Summary of The Power of Starting Something Stupid
How to Crush Fear, Make Dreams Happen, and Live Without Regret
The Model T Ford was a stupid idea. So were telephones and radios. What’s your stupid idea? Maybe it’ll change the world.
When Thomas Edison – who held 1,093 US patents and invented the light bulb – was young, he believed his father thought he was “stupid” and he heard his teacher say he was “addled.” But Edison never let mockery prevent him from developing his ideas. International business-development consultant Richie Norton, writing with Natalie Norton, explains why you should pursue your craziest ideas, no matter how stupid they may seem to others. Many brilliant new ideas initially seem stupid because breakthrough, creative ideas defy conventional thinking. Writing in a readable, engaging style, the Nortons highlight provocative examples of independent thinkers who turned supposedly stupid ideas into popular, profitable products. getAbstract recommends their inspiring manual to students of business history and ambitious iconoclasts. As Albert Einstein said, “If at first the idea is not absurd, then there is no hope for it.”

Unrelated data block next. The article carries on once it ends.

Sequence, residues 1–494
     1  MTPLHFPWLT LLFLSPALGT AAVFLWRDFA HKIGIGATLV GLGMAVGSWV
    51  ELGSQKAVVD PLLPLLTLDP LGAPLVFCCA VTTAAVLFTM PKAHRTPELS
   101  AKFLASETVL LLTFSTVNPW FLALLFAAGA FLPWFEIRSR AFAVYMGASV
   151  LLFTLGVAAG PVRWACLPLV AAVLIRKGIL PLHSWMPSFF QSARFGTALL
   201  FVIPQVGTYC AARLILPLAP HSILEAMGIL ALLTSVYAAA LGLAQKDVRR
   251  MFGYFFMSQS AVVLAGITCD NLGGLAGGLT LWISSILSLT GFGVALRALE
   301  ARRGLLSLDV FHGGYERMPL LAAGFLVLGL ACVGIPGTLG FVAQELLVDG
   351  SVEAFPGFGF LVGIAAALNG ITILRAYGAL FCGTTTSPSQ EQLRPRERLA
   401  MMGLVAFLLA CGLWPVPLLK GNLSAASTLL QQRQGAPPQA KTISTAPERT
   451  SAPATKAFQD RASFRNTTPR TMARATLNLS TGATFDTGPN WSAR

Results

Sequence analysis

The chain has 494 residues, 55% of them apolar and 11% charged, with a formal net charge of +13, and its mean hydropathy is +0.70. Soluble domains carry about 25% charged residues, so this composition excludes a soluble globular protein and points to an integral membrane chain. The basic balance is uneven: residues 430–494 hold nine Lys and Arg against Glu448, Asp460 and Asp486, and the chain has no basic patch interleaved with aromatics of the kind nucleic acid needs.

In this summary, you will learn
- How to develop your “stupid” ideas;
- Why the stupidest ideas can be the best ideas;
- How to beat the lack of time, experience and money – the “T.E.M. Gap”;
- How to build support with the “START” approach; and
- How to use the “New Smart.”
Comment on this summary
3 years agoAppears to be an informed way of formalizing an codifying inspiration. I'm interested to see how it applies to existing products in terms of augmenting features and increasing utilization and revenues.
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